"There's facts about dogs, and then there's opinions about them. The dogs have the facts, and the humans have the opinions. If you want the facts about the dog, always get them straight from the dog. If you want opinions, get them from humans."-- J. Allen Boone
It's so true. Talking with dogs, especially pugs, can be very enlightening about what goes on in their doggy worlds, and in their doggy heads. We have many conversations - two-sided ones - here at the Shady Rest. Here's an example from yesterday:
Mama Ky: Archie?
Mama Ky: Why are you trying to push the empty toner box into the litter box with your head?
Archie: I may be old and blind, but I'm still a pug. It's a pug thing.
Mama Ky: Oh. So, labs retrieve because that's a lab thing, and corgis herd because it's a corgi thing, and you push things around with your head because it's a pug thing?
Mama Ky: You know your butt's cute when you do that. It wiggles.
Archie: Quit watching my butt. I'm busy.
You just know that GSD owners don't have these little talks...
I talk to other dogs too, not just my own, but honestly, pugs are usually better conversationalists. For one, they're more inquisitive. Some breeds are inclined to just accept human behavior as it is, but pugs want to know why. They are very interested in their world and they ask questions.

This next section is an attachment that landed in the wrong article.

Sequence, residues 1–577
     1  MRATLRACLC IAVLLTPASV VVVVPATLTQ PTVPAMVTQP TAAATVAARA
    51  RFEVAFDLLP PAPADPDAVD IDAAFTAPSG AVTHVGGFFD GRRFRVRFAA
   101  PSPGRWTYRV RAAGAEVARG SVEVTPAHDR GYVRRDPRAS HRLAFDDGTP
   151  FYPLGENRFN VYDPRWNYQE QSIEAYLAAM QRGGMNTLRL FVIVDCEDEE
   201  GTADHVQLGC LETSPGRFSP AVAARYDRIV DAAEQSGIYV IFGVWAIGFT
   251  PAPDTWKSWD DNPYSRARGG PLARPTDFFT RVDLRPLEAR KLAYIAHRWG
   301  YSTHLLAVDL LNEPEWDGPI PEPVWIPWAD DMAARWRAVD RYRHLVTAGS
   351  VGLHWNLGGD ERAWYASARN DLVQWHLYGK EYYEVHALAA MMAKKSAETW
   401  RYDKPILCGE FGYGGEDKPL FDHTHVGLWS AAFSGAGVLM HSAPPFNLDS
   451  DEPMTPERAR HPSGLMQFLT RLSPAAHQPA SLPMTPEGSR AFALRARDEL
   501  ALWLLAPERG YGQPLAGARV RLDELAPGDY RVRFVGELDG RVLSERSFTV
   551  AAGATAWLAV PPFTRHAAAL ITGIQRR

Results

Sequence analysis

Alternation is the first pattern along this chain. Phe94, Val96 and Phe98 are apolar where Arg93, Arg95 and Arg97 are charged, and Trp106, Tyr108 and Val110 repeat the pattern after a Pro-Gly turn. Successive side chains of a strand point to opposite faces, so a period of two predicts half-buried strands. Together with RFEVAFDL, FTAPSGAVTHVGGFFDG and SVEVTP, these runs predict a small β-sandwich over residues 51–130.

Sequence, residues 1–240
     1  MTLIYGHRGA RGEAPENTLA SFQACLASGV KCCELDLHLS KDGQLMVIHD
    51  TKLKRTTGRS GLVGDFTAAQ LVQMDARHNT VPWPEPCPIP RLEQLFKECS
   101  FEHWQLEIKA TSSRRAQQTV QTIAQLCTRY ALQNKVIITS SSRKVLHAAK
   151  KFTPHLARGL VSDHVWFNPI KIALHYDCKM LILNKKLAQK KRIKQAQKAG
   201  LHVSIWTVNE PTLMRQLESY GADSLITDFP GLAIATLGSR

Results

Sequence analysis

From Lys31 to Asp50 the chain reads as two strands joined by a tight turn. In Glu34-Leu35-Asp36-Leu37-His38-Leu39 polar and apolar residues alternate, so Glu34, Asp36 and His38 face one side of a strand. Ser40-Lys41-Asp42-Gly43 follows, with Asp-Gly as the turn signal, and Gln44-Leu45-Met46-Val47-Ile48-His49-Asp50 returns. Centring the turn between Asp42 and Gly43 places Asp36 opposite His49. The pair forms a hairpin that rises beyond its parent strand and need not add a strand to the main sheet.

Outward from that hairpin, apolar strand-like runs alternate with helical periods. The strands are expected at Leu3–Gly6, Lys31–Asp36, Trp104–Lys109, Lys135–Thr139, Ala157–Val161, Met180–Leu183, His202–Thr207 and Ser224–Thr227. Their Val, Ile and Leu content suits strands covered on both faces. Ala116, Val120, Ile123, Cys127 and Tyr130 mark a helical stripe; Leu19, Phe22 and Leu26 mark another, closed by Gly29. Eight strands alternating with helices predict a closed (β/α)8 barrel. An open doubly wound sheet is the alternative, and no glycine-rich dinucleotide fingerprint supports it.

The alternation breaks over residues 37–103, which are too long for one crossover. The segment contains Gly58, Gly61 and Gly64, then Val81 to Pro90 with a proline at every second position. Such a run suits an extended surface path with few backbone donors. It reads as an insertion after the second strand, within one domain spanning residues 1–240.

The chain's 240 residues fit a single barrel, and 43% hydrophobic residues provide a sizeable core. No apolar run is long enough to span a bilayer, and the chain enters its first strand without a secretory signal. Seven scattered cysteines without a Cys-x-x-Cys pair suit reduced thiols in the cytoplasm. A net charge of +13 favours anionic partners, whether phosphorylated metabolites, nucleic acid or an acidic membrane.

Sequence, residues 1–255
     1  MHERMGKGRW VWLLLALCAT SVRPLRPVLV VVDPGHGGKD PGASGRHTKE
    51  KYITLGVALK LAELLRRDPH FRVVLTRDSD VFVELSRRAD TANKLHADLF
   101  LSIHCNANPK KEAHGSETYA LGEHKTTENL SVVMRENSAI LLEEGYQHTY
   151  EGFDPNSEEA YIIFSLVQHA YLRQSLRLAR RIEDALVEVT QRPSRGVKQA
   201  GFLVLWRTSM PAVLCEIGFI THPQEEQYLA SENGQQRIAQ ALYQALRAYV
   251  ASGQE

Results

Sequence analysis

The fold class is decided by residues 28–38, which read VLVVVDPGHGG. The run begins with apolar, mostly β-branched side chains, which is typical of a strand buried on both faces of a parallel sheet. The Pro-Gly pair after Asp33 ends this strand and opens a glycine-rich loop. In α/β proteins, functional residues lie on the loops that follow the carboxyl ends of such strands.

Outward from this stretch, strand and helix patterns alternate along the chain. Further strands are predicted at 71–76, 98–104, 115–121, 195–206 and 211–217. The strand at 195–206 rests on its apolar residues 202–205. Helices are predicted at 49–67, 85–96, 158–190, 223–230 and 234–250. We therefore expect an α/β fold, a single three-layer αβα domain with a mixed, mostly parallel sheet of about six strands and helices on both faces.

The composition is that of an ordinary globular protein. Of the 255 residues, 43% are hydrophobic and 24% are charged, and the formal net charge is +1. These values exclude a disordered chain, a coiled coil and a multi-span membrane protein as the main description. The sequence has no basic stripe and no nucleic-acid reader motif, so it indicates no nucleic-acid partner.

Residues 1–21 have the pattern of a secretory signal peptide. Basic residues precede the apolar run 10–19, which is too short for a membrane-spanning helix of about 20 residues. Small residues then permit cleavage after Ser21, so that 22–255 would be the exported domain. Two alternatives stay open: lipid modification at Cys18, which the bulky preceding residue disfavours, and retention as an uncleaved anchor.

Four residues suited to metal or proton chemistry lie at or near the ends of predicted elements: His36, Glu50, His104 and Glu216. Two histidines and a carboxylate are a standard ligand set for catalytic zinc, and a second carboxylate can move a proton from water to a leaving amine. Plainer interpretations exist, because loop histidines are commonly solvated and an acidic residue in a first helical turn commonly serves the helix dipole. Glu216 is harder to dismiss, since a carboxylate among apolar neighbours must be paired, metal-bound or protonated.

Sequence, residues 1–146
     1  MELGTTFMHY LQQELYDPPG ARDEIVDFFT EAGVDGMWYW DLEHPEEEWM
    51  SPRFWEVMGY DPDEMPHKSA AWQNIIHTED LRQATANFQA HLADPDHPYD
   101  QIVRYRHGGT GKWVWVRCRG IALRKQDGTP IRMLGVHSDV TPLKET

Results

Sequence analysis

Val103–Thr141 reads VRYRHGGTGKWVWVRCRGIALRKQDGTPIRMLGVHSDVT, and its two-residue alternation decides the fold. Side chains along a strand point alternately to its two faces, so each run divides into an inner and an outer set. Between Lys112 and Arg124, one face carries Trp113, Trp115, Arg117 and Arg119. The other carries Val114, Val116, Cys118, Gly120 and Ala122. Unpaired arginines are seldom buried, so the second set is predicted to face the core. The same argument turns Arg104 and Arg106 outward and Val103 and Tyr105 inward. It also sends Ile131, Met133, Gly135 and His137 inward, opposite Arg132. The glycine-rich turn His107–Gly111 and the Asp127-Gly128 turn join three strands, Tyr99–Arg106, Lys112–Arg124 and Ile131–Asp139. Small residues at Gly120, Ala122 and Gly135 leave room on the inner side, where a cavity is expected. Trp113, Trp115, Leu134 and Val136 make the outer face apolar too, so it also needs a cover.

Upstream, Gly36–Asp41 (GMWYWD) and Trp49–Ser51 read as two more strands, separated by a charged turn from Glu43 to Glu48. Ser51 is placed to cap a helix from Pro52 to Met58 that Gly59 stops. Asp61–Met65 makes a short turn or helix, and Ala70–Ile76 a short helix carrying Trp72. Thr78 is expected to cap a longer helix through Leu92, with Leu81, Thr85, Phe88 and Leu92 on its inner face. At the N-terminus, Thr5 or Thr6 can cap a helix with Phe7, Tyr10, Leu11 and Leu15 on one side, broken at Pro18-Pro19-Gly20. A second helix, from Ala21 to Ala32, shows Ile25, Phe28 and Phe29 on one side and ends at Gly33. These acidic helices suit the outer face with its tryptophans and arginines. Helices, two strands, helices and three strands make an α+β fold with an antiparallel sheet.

"When you push the thingy on the big bowl and everything goes away, where does it go? I watch and watch, but can't see."
"That's the joy of living in the city, Heff. It all just goes away. Far away, so Mama doesn't have to worry about it."
"That's a good thing, then?"
"Yes, Heff, it's good."
Sometimes you gain insights into things you thought you knew.
"Why do you keep licking Heff's tail? You've been at it for a good ten minutes now. Does it just taste good, or is it some kind of dominance thing?"
"Because if I'm licking his tail, he can't reach my ears to chew on them, and if I don't do something, I'm going to kill him. I am SO tired of the ear-chewing thing today."
"Ah, that makes sense."
I've always been a big proponent of asking the dog. In our dealings with our dogs, we tend to tell, not ask; order, not request; talk AT but not talk TO. We expect them to learn our language and read our feelings and wants, but too rarely are we willing to do the same for them. No, dogs don't "talk" in the sense of forming coherent words and sentences; they don't have the mouth structure or the brain wiring for it. That does not, however, mean they do not communicate. They do, and quite fluently, if you learn to listen. Body movements, muscle tension, facial expression (dogs smile, wolves don't - it's a learned behavior from watching us), sounds, gestures and sometimes, if you're quiet enough to hear it, actual thoughts.
Yes, I'm well aware that a substantial portion of the population would have me medicated or worse for believing that there is more to human-dog communication than just body language and vocal tone, but so be it - I do. I think telepathy is like the ability to play the piano; some people have a talent for it, others have to work at it, but everyone can do it to one degree or another, and if you don't use the ability, it atrophies. I also tend to think that dogs do it naturally and don't have our hang-ups about it, so they try, whether we're listening or not.
So, as George and I exchange morning greetings as we pass in the hall, that's my Shady Rest advice for the day: to enrich your life with your dog, talk to him...and listen.
Ya'll take care now.